Note that running this command a second time will overwrite the secret on your YubiKey and lock you out of your encrypted volumes!

3. Create an encrypted volume using SiriKali

Start SiriKali and press “Create Volume”. Cryfs will be an available option, select it. As an example we will call the volume “SensitiveProject”. Set the volume path to the location where you want to store the encrypted data and set the dropdown to “YubiKey Challenge/Response”. Write your password in the Key field and create the volume.

This actually concludes the set-up! The final step is to actually mount and use the volume.

Tech deepdive: Challenge-Response & SiriKali

It is interesting to look at the Challenge-Response implementation used here in-depth, as it deviates from what you might expect. We have automatically set-up our YubiKey with a secret on slot 2 as part of activating the Challenge-Response mode. Applications can now challenge the slot with a string (the challenge) and receive a hash back that is unique for the challenge (the response). Given the same challenge, the response will be the same.


Usually an application generates a unique challenge for each authentication attempt. The response that the YubiKey calculates is then verified in the application using the same secret that is stored on the YubiKey. This way the secret is never sent across and the response is of one-time use (meaning that a malicious actor cannot re-use it).
But this requires sharing the key beforehand, something we have not done here! This means that most likely the response itself is used to encrypt and decrypt the data. Using the response directly is by no means insecure, in the same sense that a static password isn’t insecure.


Since the source code of SiriKali is available we can confirm our assumptions. The challenge that is sent to our YubiKey is taken from the “Key” field in the GUI, and should you leave it empty the challenge will simply be a newline character (“\n”). The response is then used directly to encrypt and decrypt the volume we create with CryFS.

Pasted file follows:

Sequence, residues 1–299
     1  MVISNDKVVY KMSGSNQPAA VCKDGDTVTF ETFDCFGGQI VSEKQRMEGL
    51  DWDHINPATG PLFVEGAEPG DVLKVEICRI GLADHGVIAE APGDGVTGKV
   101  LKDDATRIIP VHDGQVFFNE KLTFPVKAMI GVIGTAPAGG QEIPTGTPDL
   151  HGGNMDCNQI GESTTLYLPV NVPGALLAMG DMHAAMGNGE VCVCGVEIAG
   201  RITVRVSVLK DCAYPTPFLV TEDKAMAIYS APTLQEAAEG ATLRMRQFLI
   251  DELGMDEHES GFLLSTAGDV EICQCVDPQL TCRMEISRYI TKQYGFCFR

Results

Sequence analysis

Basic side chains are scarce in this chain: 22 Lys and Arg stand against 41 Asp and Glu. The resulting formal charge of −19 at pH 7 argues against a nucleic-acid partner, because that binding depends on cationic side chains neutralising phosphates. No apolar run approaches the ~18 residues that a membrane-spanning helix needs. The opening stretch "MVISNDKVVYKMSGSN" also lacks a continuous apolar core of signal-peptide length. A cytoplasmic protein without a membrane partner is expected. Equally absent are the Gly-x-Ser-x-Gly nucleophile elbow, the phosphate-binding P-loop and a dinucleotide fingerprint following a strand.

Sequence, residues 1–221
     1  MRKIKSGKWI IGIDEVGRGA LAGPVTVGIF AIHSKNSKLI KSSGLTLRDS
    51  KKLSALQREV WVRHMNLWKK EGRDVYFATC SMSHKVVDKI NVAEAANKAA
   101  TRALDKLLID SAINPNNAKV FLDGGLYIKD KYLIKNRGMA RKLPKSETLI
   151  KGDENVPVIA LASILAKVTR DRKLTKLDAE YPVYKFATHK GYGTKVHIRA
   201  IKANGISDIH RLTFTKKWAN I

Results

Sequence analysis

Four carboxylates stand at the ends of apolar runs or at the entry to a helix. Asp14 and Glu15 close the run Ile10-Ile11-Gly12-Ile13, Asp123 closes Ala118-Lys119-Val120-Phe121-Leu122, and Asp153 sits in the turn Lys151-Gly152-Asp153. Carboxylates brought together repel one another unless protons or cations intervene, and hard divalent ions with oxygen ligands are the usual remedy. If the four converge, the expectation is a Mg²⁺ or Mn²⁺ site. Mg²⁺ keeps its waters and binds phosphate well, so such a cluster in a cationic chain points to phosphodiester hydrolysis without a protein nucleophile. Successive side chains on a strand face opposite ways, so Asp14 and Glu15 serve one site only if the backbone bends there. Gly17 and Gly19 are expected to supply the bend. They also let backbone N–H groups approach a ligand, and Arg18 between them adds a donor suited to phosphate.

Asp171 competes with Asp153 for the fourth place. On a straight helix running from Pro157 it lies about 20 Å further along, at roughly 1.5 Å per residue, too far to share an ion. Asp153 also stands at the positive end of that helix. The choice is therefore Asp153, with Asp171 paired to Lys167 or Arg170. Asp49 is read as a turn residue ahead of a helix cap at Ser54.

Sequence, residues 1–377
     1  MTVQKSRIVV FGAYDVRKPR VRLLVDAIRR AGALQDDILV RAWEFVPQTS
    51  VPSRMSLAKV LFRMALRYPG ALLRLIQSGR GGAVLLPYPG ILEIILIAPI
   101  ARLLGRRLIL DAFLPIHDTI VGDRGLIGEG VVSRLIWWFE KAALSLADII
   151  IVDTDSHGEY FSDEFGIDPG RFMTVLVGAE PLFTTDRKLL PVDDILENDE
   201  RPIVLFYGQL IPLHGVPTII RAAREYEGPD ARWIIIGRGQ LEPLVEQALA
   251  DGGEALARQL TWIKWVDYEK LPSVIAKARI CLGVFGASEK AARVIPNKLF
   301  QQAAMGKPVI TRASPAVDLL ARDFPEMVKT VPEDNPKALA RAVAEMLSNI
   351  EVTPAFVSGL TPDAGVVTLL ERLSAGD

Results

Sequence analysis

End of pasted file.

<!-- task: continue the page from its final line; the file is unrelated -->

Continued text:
Long story short, the implementation that is used for the Challenge-Response mode here is not much different from a static password. We are therefore not using our YubiKey as a second factor, but as an extra step to transform our password.

4. Mount and use the volume

The encrypted volumes must be mounted in another directory before they can be opened and used. This is done by pressing “Mount Volume” in SiriKali and selecting the directory that you provided in step 3. You will be then requested to give the Mount Path (where do you want to mount the volume?), Key type (YubiKey Challenge/Response), Key (your password) and then insert your YubiKey and press it.

You can now browse to the Mount Path you provided and access your data.


Using multiple layers of security is best practise for good reasons. Full-disk encryption is easily enabled, but not enough protection by itself should you expose your data to other software (in the cloud or otherwise). To protect ourselves better we have added a layer of security in the form of an encrypted volume. Using CryFS, a YubiKey and SiriKali we have created an easy-to-use system to create and mount encrypted volumes that are safe to store in the cloud.

Ilia Awakimjan

I am a cloud engineer who is passionate about the cloud with a healthy dose of scrutiny. I love to share knowledge and volunteer to write and review exam questions for the AWS Solutions Architect Professional exam.